The arbitrators had held that the phrase "may be, or likely to be" in sub-clause (2) connoted "a serious risk". The Judge held that there was probably little, if any, difference between "a serious risk" and "a real likelihood". However, the arbitrators had applied the test in the wrong way. There is a difference between (i) a serious risk that an event will occur (in this case being exposed to acts of piracy) and (ii) a risk that a serious event (being exposed to acts of piracy) will occur. The phrase "may be, or are likely to be" connoted the former, but the arbitrators had applied the latter.

The Judge held that the importance of the risk, in the sense of the harm it threatens, is not relevant to "may be, or likely to be" in sub-clause (2), though it is relevant to the definition of War Risks in sub-clause 1(b):

"If the threatened harm is of a serious or important type then the qualifying test of dangerousness in clause 1(b) is likely to be satisfied. By contrast the phrase "may be, or are likely to be, exposed to War Risks" in sub-clause (2) requires an assessment as to whether there is a real likelihood of the vessel being exposed to acts of piracy. Thus there is no requirement in sub-clause (2) to consider importance in the sense of the importance of the harm threatened by exposure to acts of piracy or in any other sense."

Issue 2: Was owners' judgment reasonable?

The Judge held that, since the arbitrators were wrong in law as to their understanding of "may be, or are likely to be", it followed that their conclusion that Bulkhandling formed a reasonable judgment must also be wrong in law.

Issue 3: A duty to make reasonable enquiries?

Pacific argued that Bulkhandling were under a duty to exercise their right under CONWARTIME honestly, rationally and not arbitrarily or capriciously and after making any necessary enquiries, and that they had, in fact, made only limited enquiries. The Judge rejected that argument. The clause expressly said that owners' judgment must be "reasonable".

Owners must make a judgment in good faith, and that judgment must be objectively reasonable. As to the enquiries which owners should make:

"An owner who wishes to ensure that his judgment is objectively reasonable will make all necessary enquiries. If he makes no enquiries at all it may be concluded that he did not reach a judgment in good faith. But if he makes those enquiries which he considers sufficient but fails to make all necessary enquiries before reaching his judgment I do not consider that his judgment will on that account be judged unreasonable if in fact it was an objectively reasonable judgment and would have been shown to be so had all necessary enquiries been made."

The arbitrators had concluded that Bulkhandling had made all necessary enquiries but, given their error in applying the correct test, their finding that sufficient enquiries had been made must also be wrong in law.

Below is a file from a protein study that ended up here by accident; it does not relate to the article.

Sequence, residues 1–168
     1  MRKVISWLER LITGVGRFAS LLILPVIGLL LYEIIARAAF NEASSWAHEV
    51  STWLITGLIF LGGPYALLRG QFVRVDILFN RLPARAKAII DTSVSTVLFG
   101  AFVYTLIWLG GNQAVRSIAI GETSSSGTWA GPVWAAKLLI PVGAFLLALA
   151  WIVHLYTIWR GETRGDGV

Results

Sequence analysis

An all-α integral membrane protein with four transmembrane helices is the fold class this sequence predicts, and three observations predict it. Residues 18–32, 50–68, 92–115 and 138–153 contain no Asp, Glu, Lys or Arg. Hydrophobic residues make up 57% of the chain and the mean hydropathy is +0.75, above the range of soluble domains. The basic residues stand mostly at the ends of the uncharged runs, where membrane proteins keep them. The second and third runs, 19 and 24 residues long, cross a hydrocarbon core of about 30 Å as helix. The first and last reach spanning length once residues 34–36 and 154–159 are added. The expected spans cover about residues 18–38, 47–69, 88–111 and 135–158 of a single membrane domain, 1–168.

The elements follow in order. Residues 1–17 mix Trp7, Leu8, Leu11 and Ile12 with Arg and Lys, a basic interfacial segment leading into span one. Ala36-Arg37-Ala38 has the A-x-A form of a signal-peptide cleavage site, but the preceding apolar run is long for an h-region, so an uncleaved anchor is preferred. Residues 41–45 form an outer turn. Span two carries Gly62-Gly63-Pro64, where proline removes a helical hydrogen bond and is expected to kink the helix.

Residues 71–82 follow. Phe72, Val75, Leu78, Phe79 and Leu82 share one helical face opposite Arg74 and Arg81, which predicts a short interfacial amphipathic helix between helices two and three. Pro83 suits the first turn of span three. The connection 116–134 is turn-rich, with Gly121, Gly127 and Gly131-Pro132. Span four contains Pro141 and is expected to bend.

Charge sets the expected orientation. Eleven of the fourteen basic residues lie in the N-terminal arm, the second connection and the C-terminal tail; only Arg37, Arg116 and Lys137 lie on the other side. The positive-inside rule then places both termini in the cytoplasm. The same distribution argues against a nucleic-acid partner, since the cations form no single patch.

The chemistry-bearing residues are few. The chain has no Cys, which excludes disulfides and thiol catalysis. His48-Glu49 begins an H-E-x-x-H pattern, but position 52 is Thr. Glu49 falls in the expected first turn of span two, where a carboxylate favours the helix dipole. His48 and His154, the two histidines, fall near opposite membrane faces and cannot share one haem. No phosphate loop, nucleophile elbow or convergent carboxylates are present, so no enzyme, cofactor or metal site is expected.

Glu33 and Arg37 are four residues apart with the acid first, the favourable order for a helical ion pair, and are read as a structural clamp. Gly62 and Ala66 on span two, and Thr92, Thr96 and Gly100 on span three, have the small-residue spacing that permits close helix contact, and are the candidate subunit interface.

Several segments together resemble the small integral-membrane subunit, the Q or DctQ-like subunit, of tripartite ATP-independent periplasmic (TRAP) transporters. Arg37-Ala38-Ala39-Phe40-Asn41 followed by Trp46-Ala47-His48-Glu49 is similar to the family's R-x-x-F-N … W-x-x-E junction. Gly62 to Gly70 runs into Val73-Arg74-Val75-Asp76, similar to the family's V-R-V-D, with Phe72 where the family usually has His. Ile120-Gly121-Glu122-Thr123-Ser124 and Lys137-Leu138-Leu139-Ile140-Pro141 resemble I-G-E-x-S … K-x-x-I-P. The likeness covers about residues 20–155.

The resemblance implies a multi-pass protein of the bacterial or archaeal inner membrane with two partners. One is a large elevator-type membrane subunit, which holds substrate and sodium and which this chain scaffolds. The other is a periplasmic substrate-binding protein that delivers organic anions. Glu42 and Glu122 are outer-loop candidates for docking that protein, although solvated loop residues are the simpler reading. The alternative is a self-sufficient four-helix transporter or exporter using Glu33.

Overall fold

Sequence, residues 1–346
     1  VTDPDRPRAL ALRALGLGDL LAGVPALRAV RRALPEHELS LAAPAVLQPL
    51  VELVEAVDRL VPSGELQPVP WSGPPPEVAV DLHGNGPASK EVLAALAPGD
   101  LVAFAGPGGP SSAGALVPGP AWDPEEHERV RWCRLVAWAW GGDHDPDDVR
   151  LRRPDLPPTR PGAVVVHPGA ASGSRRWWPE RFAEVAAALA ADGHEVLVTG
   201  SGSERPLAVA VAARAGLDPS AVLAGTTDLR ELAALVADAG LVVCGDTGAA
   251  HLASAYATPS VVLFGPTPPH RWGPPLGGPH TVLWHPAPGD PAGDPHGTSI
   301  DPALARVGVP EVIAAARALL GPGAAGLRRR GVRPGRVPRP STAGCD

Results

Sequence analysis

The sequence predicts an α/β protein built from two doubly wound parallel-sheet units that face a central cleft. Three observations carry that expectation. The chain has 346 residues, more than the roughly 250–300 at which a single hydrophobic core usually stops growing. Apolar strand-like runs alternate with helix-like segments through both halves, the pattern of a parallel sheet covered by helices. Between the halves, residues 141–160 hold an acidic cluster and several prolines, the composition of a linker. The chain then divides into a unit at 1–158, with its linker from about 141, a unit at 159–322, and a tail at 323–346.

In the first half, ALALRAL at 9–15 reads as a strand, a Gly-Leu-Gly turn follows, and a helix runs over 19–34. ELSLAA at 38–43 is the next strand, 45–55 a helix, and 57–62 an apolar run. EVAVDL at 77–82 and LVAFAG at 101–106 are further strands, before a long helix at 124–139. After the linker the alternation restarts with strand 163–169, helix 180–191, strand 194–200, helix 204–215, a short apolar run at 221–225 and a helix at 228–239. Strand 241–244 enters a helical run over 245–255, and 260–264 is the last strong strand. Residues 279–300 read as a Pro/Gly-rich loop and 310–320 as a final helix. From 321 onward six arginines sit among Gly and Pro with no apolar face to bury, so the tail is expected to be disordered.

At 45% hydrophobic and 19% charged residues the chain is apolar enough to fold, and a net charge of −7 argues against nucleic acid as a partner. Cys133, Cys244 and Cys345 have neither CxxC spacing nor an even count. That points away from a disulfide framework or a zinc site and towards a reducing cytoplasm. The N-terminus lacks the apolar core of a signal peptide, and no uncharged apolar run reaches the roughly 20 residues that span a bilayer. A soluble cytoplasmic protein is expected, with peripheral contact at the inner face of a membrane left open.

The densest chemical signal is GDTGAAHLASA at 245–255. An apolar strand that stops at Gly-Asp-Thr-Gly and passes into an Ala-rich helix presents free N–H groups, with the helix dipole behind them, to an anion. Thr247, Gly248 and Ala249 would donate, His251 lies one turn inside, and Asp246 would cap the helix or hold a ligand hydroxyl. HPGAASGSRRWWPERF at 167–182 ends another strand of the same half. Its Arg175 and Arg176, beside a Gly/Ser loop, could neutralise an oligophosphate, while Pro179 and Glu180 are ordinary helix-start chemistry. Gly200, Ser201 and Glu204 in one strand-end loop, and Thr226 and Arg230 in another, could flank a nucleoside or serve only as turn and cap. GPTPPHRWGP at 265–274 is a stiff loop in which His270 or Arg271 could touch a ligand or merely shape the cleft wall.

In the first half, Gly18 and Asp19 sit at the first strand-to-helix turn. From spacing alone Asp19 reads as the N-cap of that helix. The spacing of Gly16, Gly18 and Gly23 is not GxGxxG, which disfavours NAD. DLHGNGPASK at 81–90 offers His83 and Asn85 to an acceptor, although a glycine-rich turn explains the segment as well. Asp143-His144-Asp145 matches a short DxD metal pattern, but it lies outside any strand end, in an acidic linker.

Issue 4: Were owners entitled to order the vessel to proceed via the Cape of Good Hope?

Pacific also argued that even if owners succeeded on the previous issues, they were not entitled to proceed via the Cape of Good Hope, and that the only part of Pacific's order which it was not entitled to give was that which required the vessel to transit the Gulf of Aden: there was no danger in proceeding to the northern entrance to the Suez Canal.

The Judge rejected Pacific's argument. Sub-clause (8) of CONWARTIME provided that anything done or not done in compliance with sub-clauses (2)-(7) "shall not be deemed a deviation, but shall be considered as due fulfilment of this Charter Party". The refusal to follow Pacific's orders to proceed from Gibraltar to Suez was something "done or not done" in compliance with sub-clause (2). Further, Pacific had ordered the vessel to load and carry a cargo to China. Pacific's order as to the route was an order they were not entitled to give, but the vessel was not without orders, and the decision to proceed to China via the Cape of Good Hope was in fulfilment of Bulkhandling's duty to prosecute that voyage with due dispatch.

Comment

The decision is significant in that it provides, for the first time, clarification of an important provision of CONWARTIME 1993. The judgment also applies to contracts incorporating CONWARTIME 2004, VOYWAR 1993 and VOYWAR 2004.

If owners wish to reject charterers' orders because of piracy risks in reliance on CONWARTIME 1993 (or similar provisions), they must comply with the following requirements:

  1. Owners must judge that there is a real likelihood, in the sense of a real danger, that the vessel, cargo, crew or other persons on board will be exposed to acts of piracy;
  2. Owners must judge that there is a real likelihood, in the sense of a real danger, that the acts of piracy will be dangerous to the vessel, cargo, crew or other persons on board. The test of dangerousness is likely to be satisfied if the threatened harm is of a serious or important type.
  3. The owners' judgments must be made in good faith, and must be objectively reasonable. In order to ensure that the judgments are objectively reasonable, owners should make all necessary enquiries.

The content of this article is intended to provide a general guide to the subject matter. Specialist advice should be sought about your specific circumstances.